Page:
Jury says man convicted in triple homicide was insane, but able to conform behavior to law

MILWAUKEE COUNTY -- A jury reached a verdict Thursday afternoon, November 9th in the case involving a March 2016 triple homicide. Dan Popp has been convicted in the case. The jury had to decide whether he'll go to prison or a mental institution -- and ruled he was mentally ill at the time of the crime, but said he was able to conform his behavior to the law. The jury began deliberating Thursday morning.

The defense and prosecution will now have to file briefs. The judge did not enter the judgement of conviction Thursday, leaving Popp's future in limbo at this point.

"It's up in the air. It's a very novel area of the law, and the judge did not enter judgement in the verdict," Chris Hartley, Popp's attorney said.

There will be hearings in the future to determine whether he'll go to prison or a mental institution. A defense brief is due December 11th, and the state's brief is due January 18th. Oral arguments have been scheduled for January 26th, 2018.

Meanwhile -- Popp was remanded into custody.

During the insanity phase of the trial, the court heard testimony that Popp was psychotic -- listening to God's voice and thinking people were robots.

Dan Popp

Isabel Vue

There was a large presence from the Hmong community at the trial. Dan Popp killed three people, including a Hmong couple in March of 2016 at an apartment building near 92nd and Beloit. Family members of Mai and Phia Vue spoke out after the verdict was reached.

"I don't know much about trials, verdicts and lawyers -- but I do know that no matter what happens today, nothing can ever bring my mom and dad back," Isabel Vue, the couple's 15-year-old daughter said.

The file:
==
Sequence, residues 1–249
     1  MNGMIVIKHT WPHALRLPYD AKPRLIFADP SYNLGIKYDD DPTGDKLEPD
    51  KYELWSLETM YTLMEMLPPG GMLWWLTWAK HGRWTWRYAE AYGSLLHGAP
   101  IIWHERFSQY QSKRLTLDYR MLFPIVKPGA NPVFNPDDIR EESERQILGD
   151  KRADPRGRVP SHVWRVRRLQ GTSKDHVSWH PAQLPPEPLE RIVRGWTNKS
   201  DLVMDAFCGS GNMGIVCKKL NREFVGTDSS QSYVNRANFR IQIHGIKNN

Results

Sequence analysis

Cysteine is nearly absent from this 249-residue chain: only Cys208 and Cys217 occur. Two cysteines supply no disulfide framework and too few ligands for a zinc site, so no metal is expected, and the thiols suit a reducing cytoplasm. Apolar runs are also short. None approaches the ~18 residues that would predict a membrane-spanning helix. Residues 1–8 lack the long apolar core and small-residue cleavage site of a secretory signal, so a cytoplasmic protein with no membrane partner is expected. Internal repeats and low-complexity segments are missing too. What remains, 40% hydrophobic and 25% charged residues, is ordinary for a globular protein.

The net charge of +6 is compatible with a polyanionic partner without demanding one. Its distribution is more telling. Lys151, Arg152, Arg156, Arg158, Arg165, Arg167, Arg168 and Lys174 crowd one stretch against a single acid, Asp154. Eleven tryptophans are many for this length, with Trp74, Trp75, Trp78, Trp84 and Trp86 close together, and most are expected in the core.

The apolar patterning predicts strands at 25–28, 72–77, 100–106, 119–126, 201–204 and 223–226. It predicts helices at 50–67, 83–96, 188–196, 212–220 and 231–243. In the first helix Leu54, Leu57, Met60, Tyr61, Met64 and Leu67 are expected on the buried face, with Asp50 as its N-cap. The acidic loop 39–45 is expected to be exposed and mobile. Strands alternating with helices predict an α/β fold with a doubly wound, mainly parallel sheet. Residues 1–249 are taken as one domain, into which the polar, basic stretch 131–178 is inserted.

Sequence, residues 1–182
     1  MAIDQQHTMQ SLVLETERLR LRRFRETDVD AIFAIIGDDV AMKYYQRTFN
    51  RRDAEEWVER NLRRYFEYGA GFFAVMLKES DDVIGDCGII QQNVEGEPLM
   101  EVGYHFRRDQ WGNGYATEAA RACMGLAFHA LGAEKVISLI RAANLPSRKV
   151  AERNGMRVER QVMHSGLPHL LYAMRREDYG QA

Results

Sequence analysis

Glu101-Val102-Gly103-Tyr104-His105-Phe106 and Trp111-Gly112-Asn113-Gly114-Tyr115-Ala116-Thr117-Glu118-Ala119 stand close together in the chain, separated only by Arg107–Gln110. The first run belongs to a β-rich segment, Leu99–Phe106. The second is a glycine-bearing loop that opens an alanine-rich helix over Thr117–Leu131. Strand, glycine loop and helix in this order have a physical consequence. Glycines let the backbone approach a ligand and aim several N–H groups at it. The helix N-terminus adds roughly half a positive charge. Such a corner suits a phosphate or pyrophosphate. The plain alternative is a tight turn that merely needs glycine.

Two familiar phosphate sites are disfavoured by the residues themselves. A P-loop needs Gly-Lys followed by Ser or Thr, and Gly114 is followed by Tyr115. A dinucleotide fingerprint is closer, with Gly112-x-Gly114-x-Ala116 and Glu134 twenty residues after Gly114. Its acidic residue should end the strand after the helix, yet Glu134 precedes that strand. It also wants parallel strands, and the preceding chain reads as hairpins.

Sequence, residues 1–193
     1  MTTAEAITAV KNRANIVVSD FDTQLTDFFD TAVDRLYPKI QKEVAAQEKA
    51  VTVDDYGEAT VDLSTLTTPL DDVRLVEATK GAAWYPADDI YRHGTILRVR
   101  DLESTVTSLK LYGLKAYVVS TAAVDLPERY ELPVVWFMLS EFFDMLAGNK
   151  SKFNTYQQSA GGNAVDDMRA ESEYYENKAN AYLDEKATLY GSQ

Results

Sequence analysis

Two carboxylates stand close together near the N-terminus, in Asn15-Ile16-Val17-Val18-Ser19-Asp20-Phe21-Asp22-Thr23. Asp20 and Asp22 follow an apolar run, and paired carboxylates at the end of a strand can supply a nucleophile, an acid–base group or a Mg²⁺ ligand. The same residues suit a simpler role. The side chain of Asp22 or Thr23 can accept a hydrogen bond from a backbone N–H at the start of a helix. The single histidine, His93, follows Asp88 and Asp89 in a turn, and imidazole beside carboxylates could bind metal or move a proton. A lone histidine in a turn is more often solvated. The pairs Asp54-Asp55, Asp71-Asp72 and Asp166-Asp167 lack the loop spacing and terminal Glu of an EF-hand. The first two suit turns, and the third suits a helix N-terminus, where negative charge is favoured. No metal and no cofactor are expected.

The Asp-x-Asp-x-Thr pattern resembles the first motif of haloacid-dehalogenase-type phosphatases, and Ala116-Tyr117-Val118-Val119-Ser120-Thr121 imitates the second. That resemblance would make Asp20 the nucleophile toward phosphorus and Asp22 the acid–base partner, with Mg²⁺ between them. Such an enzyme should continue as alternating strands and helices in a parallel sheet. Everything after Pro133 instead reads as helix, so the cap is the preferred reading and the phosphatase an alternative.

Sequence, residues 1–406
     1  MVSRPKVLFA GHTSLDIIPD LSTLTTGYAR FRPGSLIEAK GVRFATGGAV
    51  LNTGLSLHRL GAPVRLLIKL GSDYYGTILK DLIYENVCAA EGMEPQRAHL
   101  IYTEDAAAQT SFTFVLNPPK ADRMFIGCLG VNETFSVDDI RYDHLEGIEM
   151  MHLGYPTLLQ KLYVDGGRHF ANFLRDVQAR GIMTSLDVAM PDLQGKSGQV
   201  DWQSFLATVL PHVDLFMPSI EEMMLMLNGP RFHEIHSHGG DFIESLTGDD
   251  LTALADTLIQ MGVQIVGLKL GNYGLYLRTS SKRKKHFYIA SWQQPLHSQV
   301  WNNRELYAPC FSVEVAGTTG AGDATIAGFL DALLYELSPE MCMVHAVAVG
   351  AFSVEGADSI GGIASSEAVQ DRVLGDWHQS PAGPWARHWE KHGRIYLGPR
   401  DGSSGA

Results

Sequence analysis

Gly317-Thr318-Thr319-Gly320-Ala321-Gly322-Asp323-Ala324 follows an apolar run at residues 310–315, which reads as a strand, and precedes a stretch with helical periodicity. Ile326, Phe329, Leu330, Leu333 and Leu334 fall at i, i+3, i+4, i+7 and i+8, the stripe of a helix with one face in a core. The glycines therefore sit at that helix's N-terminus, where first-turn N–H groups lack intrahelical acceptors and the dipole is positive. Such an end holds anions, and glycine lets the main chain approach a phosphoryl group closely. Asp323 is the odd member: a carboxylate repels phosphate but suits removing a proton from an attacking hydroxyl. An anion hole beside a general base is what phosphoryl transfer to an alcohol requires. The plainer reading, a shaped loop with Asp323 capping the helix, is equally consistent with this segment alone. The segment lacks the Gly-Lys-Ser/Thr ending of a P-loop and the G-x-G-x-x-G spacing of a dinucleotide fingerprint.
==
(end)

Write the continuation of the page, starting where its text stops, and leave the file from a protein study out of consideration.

Khou Xiong

"My husband Dan and I are the caretakers for all of Mai and Phia's children. Although we are happy to take on that role, we know we will never be able to be the parents that my sister and brother-in-law were for these four children," Khou Xiong, Mai's younger sister said.

Mai and Phia Vue

Many in the courtroom watched the proceedings with skepticism. Some from the Hmong community believe Popp was racist, not insane when the crime occurred.

Was he a delusional schizophrenic who believed God told him to get a gun on March 6th, 2016 -- or was he a racist, killing three minority neighbors in his apartment building? That's what a jury was ordered to decide.

A psychiatrist diagnosed him with mental illness.

Dan Popp

Deborah Collins

"Sometimes he was looking to the side, commenting to someone who wasn't there," Deborah Collins, psychiatrist said.

The prosecutor played phone conversations between Popp and his mother in the weeks after the triple shooting -- showing that Popp seemed coherent, concerned about finances.

"What about my friends? My friends owe me some money. Did they drop any money off for me?" Popp asked his mother.

"No. Nobody dropped any money off," she said.

"Because some people owe me some money," Popp said.

Jesus Manso-Perez

Popp shot three people in the head in March of 2016 -- Jesus Manso-Perez, Phia Vue and Vue's wife, Mai Vue.

Mai & Phia Vue

The Vue's teenage daughter took the witness stand Tuesday and described the moments her parents were fatally gunned down in their apartment.

Fifteen-year-old Isabel Vue told jurors the family was watching a movie when heard a gunshot in the hallway outside their apartment. She says the family ran to hide in a back bedroom and then heard the front door breaking down. Vue says Popp appeared with an assault rifle and took her father to the bathroom where he was shot. He later killed her mother.

Popp in September of 2017 pleaded no contest to three counts of first degree intentional homicide and one count of attempted first degree intentional homicide -- and was convicted of the crimes. He essentially pleaded guilty but not guilty due to mental disease or defect.

When it came to testifying on his own behalf, Popp turned down the opportunity.

Three shot and killed in home near 92nd and Beloit, one in custody

The trial began on Monday, November 6th.

Earlier in this case, there was a push to have it charged as a hate crime -- but that did not happen.